On July 15, 1926, CL&P's Board of Directors approved a plan to create a lake to generate electric power. They needed 5,420 acres of private land to make what was to become Candlewood Lake.

35 American families lived in the valley and were paid "fair pre-lake prices" for their land, equaling approximately $100 per acre. Still, some landowners refused to sell primarily in the small town of Jerusalem.

Bridge Left Intact Under Orchard Point - Screen Shot

Over 100 buildings were either moved or demolished during the relocation of the Jerusalem residents. A small graveyard, including headstones and bodies, was also moved. The question remains; did everyone get out in time?

Water began pumping into the river valley on February 25, 1928, and on September 29, 1928, Candlewood Lake became a reality. The total cost to complete the project in 1928 was $6 million, which translates to $90 million in 2021 dollars.

I spent more than an hour scouring the internet to find proof of anybody who refused to give up their land and made the decision to stay behind as the water slowly enveloped their homes and barns.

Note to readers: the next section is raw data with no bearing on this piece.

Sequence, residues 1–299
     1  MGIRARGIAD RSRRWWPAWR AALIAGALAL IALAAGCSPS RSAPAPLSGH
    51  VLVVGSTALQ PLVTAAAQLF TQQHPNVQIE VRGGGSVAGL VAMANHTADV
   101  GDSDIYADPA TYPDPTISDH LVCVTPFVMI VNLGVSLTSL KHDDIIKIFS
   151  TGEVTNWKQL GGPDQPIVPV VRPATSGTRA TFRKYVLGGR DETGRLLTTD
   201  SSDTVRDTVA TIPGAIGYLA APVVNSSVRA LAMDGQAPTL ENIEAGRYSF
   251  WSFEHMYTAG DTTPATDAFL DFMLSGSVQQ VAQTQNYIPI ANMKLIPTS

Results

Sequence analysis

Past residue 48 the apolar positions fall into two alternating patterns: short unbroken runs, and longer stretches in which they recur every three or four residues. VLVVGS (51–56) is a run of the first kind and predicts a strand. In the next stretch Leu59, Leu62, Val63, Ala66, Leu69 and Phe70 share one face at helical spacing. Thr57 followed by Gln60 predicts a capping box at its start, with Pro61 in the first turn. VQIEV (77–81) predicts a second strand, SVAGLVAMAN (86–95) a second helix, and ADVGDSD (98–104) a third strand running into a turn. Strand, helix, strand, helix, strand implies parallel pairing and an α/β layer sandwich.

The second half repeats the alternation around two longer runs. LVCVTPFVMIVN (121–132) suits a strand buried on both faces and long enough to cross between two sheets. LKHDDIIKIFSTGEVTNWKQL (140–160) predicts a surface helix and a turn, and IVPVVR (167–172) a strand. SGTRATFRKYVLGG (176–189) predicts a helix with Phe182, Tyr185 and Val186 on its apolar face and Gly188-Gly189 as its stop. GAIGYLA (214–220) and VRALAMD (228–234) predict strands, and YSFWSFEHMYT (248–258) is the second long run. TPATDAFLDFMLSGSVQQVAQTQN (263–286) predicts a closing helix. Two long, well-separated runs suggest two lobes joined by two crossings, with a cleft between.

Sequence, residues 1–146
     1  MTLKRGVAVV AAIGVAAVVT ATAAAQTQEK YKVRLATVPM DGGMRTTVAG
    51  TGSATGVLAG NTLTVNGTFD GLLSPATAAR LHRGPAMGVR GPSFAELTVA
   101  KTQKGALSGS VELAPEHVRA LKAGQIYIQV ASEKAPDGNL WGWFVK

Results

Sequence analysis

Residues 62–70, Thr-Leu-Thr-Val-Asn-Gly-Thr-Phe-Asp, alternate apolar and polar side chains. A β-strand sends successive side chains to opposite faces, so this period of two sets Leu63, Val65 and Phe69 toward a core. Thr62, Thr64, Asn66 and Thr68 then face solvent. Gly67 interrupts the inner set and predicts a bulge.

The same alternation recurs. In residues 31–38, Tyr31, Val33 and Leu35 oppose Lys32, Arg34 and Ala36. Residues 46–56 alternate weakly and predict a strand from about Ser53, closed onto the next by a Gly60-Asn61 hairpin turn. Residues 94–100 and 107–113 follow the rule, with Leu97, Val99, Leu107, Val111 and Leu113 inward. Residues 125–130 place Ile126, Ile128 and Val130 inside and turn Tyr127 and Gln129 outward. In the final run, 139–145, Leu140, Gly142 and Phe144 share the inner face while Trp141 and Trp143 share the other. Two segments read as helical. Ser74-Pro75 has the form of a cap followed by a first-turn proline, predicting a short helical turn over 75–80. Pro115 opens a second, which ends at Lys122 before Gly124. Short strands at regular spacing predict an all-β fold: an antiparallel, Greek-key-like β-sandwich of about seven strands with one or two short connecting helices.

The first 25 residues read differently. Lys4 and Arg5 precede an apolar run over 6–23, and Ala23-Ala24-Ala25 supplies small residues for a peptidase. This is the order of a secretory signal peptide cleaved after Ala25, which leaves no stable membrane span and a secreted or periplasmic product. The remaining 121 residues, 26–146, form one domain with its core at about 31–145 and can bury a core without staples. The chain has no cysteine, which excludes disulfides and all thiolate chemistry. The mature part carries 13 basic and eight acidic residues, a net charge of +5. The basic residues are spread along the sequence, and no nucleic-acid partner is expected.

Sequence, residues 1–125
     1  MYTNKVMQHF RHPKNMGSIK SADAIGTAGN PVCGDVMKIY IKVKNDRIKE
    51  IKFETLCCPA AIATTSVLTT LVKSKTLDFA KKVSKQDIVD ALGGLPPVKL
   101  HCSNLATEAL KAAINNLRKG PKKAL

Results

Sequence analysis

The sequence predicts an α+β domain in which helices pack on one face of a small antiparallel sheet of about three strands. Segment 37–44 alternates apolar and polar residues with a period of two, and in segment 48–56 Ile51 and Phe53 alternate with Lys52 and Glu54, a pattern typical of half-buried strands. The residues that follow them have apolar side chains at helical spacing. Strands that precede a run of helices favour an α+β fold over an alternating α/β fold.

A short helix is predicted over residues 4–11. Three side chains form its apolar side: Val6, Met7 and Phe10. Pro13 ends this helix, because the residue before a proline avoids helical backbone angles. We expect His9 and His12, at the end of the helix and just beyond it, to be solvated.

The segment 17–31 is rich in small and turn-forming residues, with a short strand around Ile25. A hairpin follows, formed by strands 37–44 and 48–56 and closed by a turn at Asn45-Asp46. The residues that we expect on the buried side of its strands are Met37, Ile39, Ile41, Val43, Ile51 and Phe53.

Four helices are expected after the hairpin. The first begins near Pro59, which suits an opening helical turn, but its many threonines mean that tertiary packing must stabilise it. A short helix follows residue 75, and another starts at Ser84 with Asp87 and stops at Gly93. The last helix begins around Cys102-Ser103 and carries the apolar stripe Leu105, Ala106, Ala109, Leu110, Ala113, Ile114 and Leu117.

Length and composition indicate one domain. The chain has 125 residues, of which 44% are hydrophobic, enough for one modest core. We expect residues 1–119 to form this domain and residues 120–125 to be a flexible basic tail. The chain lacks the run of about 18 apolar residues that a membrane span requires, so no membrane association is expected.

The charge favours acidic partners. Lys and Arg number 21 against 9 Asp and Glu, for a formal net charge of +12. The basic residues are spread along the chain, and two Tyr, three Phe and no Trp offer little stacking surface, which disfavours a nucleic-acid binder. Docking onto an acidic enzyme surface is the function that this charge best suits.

I did find a blog post from Kristi Peterson Schoonover, who grew up on Candlewood Lake. It's titled "Seven Creepy Tales of Candlewood Lake," making for some scary creepy Halloween stories. For example, one of the seven stories is called: "THOSE WHO REFUSED TO LEAVE."

The story goes that the valley residents who refused to leave their property chained themselves to their front porches. While the lake was steadily filling up, their screams could be heard for miles. As their souls eventually passed over, their ghosts, freezing in the ice-cold water, occasionally reach up for the light grabbing surprised swimmers and pulling them into their watery grave, never to be seen again.

Some of the descendants of the landowners who would not turn over their land in Sherman still pay taxes on the submerged property. That is a true story. To read Kristi's other six stories, click on nehw.blogspot.com. Maybe Candlewood Lake isn't but these 10 bodies of water just might be.

A Walk Into the Infamous Stories of Union Cemetery

Behind the Walls of CT's Abandoned Norwich State Hospital

In this day and age, mental health treatment is serious business and in most cases, patients are treated with care and respect. This was not always the case in the U.S. and hospitals dedicated to the "mentally ill" became prisons that regularly conducted torture. America is now littered with shuttered hospitals decaying from the inside and the outside. Many believe these places still contain the dark energy left behind by the gruesome acts of the past. One of these places in Norwich State Hospital.